Baron Manfred von Richthofen is the most feared and celebrated pilot of the German air force in World War I. To him and his companions, air combats are events of sporty nature, technical challenge and honourable acting, ignoring the terrible extent of war. But after falling in love with the nurse Käte, Manfred realises he is only used for propaganda means. Caught between his disgust for the war, and the responsibility for his fighter wing, von Richthofen sets out to fly again.

German flying ace shot down by shoddy script, acting.

There’s a cracking story in Baron Manfred von Richthofen, the Germany World War 1 flying ace who was credited with 80 kills before he was shot down in 1918, aged 25. Alas, this Europudding of a movie, written and directed by Nikolai Müllerschön, isn’t it.

The aerial sequences are thrilling in a boys’ own adventure way, but the film often falls flat when the camera lingers on terra firma, bogged down by stilted dialogue, uneven acting and an unconvincing romance between the Red Baron and a nurse.

As the flying ace, German actor Matthias Schweighöfer lacks both gravitas and a commanding presence. When he loses his temper, he comes across as a petulant Boy Scouts leader. It’s tempting to think Til Schweiger, who plays one of the Baron’s colleagues, would have been far more impressive in the lead role.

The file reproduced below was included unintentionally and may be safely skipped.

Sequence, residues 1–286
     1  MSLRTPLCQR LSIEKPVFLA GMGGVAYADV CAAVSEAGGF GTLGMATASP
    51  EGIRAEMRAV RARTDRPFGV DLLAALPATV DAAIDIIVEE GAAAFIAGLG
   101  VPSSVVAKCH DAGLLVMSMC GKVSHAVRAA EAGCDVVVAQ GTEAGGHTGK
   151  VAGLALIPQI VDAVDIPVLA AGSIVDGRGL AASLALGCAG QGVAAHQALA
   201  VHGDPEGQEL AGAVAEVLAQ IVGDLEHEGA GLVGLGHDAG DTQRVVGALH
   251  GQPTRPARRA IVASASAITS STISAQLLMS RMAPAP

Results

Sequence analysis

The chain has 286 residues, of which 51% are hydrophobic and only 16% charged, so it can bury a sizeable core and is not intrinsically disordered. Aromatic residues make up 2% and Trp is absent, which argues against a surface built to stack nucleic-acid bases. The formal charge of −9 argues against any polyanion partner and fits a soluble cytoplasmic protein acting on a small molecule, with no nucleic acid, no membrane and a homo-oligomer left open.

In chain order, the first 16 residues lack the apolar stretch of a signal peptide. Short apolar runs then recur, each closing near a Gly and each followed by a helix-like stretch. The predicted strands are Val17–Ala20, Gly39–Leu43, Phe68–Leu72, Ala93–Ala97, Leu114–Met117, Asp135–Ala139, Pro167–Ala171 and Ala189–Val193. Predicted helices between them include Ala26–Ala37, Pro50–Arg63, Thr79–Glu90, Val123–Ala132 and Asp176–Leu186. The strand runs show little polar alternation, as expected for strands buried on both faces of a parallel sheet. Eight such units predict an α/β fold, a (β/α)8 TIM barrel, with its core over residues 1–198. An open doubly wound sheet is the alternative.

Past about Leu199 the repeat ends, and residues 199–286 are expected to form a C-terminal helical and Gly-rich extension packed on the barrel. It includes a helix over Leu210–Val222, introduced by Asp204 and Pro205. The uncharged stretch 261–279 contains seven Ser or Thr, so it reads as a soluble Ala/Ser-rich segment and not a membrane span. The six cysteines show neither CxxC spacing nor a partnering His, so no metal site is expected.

Curiously, Müllerschön’s script sheds little light on what motivated the war hero, beyond suggesting it was the thrill of the chase that excited him; he ordered his men to stop firing at enemy pilots after their planes had been hit, explaining, 'We are sportsmen, not butchers."

Late in the film, as an Allied victory becomes almost certain, von Richtofen is portrayed as disillusioned, mostly due to the influence of his lover, nurse Kate Otersdorf (Lena Headey), who abhors war. Their romance takes an eternity to develop, is sorely lacking in passion, and there’s little chemistry between them.

Joseph Fiennes has an under-written cameo as the Canadian pilot shot down by the Red Baron, who subsequently pulled him from the wreckage and helped save his life; later the two meet in a no man’s land, exchanging views on the similarities between them.

Everyone speaks English, with variable accents, which is OK because it’s more consistent than having characters alternate between German and English. It does jar, however, to hear a German officer refer to 'chaps.’

Generous extras include featurettes on the making of the movie and the special effects.


1 hour 45 min